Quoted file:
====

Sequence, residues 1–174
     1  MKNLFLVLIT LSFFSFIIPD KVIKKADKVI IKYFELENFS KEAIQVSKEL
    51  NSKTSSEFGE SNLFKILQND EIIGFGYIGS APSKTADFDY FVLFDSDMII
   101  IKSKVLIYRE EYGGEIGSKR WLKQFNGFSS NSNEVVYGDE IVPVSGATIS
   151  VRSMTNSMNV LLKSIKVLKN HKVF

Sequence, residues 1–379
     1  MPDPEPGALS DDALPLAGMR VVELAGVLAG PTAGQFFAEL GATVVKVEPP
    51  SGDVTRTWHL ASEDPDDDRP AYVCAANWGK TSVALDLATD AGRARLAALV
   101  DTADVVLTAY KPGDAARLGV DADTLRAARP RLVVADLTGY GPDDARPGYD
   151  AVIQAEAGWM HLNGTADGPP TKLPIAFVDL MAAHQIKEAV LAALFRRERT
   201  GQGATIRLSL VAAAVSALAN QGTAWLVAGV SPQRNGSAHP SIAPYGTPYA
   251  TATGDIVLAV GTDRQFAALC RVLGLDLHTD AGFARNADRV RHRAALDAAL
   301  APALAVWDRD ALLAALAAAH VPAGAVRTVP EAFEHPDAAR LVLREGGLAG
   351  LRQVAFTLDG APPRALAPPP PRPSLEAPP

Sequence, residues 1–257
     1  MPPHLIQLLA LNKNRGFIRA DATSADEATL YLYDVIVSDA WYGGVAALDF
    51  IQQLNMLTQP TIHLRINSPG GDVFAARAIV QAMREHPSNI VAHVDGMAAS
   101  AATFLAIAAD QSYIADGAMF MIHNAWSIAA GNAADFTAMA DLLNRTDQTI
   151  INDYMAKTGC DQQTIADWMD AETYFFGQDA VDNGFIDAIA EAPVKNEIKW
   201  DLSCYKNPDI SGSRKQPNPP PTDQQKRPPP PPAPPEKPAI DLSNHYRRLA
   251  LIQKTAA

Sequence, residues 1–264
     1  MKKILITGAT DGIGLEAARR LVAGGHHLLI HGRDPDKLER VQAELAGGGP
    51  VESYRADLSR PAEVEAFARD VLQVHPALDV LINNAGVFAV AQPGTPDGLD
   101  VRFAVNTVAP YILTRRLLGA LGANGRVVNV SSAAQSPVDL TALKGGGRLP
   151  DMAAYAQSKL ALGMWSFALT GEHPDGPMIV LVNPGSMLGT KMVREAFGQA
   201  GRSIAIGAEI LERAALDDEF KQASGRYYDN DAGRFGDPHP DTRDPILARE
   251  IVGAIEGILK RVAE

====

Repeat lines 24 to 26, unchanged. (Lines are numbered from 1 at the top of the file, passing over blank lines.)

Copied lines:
    51  VESYRADLSR PAEVEAFARD VLQVHPALDV LINNAGVFAV AQPGTPDGLD
   101  VRFAVNTVAP YILTRRLLGA LGANGRVVNV SSAAQSPVDL TALKGGGRLP
   151  DMAAYAQSKL ALGMWSFALT GEHPDGPMIV LVNPGSMLGT KMVREAFGQA